There Won’t Be No. 6, But Johnson Aims For Return To Title Glory
It’s ironic that in a world of loud engines and cheers from massive crowds, most hardcore racers deal with overwhelming disappointment in silence. Complete silence. There’s just nothing left to say.
As the No. 48 Hendrick Motorsports team returned to its Concord, N.C., shops from Phoenix, it’s a good bet there wasn’t very much said during the five-hour return flight home.
It’s likely that those preparing Jimmie Johnson’s Chevrolet for the final race of the 2011 Sprint Cup season at Homestead-Miami Speedway were pretty quiet as well.
Their reign as champions came to an end late Sunday after five consecutive seasons, in part because of some heartbreaking late-season finishes, capped by a 14th-place run in the desert. In short, 68 points out of the lead is an insurmountable number to overcome.
Since 2006, they’ve seen Johnson sit center stage in New York and Las Vegas during NASCAR Awards Ceremonies - and the spotlight was trained on them.
It must sting when they think back on the phenomenal success they’ve enjoyed and how a sixth straight title will not happen. For some members of the team, they’ve known nothing but how to be crowned the champion.
But, in the blink of an eye, the ultra competitive Sprint Cup division provide a large dose of humility.
Johnson was feeling it in Phoenix.
“Yeah, I’m definitely disappointed that we won’t be able to go to Homestead and race for our sixth championship, but that’s motorsports,” Johnson said dejectedly. “It’s a very tough business. What we did over the last five years was absolutely spectacular and I’ve just got to thank Lowe’s. I’ve got to thank Hendrick Motorsports, Chad Knaus (crew chief), and this whole race team for giving me everything they’ve had these 10 years.
“Even though we’re not in position to win the championship now, we’re going to go to Homestead and try to have our best race down there so that we can finish as high as possible in the points.”
This will be the first time in half a decade that Johnson can go to Homestead-Miami Speedway without the incredible pressure he’s routinely felt during the week leading up to final race of the season. It a way, now that reality has set in, Johnson may enjoy the new feeling.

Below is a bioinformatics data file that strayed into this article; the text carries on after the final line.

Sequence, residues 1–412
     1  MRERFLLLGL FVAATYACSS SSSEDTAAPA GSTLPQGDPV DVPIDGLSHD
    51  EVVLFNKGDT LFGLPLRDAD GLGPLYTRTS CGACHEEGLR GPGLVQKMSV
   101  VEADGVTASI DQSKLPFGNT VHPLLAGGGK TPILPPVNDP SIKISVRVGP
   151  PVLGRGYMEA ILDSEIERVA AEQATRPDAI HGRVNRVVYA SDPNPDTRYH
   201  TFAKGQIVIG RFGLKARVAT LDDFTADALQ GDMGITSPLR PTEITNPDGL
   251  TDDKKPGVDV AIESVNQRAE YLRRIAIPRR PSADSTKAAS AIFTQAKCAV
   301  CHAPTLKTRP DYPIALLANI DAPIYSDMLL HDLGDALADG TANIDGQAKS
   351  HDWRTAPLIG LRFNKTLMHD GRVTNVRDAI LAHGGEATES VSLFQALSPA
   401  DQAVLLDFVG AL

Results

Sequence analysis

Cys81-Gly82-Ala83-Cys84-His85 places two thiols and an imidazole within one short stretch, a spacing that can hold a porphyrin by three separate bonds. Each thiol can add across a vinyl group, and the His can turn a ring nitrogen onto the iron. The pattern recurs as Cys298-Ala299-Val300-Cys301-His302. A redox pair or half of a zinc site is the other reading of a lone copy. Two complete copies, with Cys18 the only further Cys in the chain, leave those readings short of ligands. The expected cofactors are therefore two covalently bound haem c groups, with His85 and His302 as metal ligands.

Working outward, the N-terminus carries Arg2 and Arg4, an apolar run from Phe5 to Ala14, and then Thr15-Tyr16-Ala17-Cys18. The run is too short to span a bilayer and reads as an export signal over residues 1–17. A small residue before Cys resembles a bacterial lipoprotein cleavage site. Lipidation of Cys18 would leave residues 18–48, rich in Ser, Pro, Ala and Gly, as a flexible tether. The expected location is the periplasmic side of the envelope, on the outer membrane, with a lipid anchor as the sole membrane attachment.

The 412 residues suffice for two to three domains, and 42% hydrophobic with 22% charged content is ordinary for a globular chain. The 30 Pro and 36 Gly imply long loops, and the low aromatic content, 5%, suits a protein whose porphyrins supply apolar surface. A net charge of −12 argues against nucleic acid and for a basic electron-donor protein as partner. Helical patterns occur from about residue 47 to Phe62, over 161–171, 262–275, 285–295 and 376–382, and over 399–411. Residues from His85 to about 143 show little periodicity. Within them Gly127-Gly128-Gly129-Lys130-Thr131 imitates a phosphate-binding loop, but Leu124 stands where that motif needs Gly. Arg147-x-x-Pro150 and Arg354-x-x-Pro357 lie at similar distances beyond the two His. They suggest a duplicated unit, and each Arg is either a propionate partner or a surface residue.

“Yeah, I’ll definitely have more fun and get a lot of sleep going in there,” Johnson said. “I’ll bet you the No. 99 (Carl Edwards) and the No. 14 (Tony Stewart) won’t. I’ll have fun watching from the sidelines.”
As the saying goes, “Some days are diamonds-some days are stones.” Drivers and teams often define their days in those terms depending upon chassis set-ups, tire wear and the ability to dodge the crazy crashes on the track that seem to come out of nowhere.
When defined, Johnson’s run at Charlotte, Talladega and Phoenix fit more into the stone category. As time goes by, those races will be deemed places where the downfall began.
“Yeah, we were really, really far off,” Johnson said about his run at Phoenix. “We kind of had that in practice and throughout different points of the weekend. Unfortunately we just couldn’t get the car balanced right.
“As a whole, if you look at our Hendrick cars, unfortunately we all struggled. The only Hendrick affiliated car that did any good was the No. and the rest of us looked like mid-packers all weekend long.”
During so many magical seasons, Johnson usually left Phoenix upbeat and in position to take the crown, almost as if for the asking.
His team appeared flawless on most days, and the days when problems arose or gas needed to be saved, it overcame and logged incredible finishes that both amazed and baffled fellow competitors, the fans and the media.
This time, Johnson left Phoenix feeling something he hadn’t felt since 2005 - the pain of knowing this year’s Sprint Cup trophy would not be his.
When asked if his Sunday evening would be spent in deliberate thought, Johnson said, “It might be. There’s definitely disappointment. I think that will be the emotion I deal with first.
“And then over the off-season, I’m sure it will kick in some. I’ll reflect then, but still, in order for us to be where we want to be next year, we’ve got to work very, very hard during this off-season to understand what’s up and that’s not going to make it all that relaxed.
“So I’m up for the challenge. This team is. My guys work so hard and we’ll learn and grow from this.”
Johnson isn’t thinking about how his championship reign will be analyzed and studied by the motorsports media in the years to come. Right now, there’s nothing further from his mind.
But he’s an athlete and knows that, in sports, every good thing must come to an end at some point in time. There’s one more battle to fight in Florida before he can finally look at the good and bad about his 2011 season.
“I’ve been racing 30 years, shoot, 31 years and I’ve won probably two other big championship along the way,” Johnson said. “So, seven out of 31 years is normal. What we did over the last five years is abnormal. And now we’ll get a taste of normalcy.”
What’s needed now is for Johnson, Knaus and theentire crew is to spend some well-deserved time with their families, enjoy a peaceful Thanksgiving and Christmas season and ultimately feel the sun on their faces at Daytona International Speedway during Speedweeks in February of 2012 – with the hope of second five-year dynasty.
“We’ll definitely learn,” Johnson concluded. “To be on top for as long as we have takes a lot of effort to maintain. It just takes a lot out of you.
“So this winter will be a nice winter to unplug and relax and really look internally and dissect the different areas of the race team, and what we do, and come back stronger.
“I’ve always learned more from tougher moments and by no means is this a tough moment. Yes, the streak is gone but we’ve still got a shot at a top-five in points and that would be a big year still.”
Eloquently spoken by one of NASCAR’s greatest champions.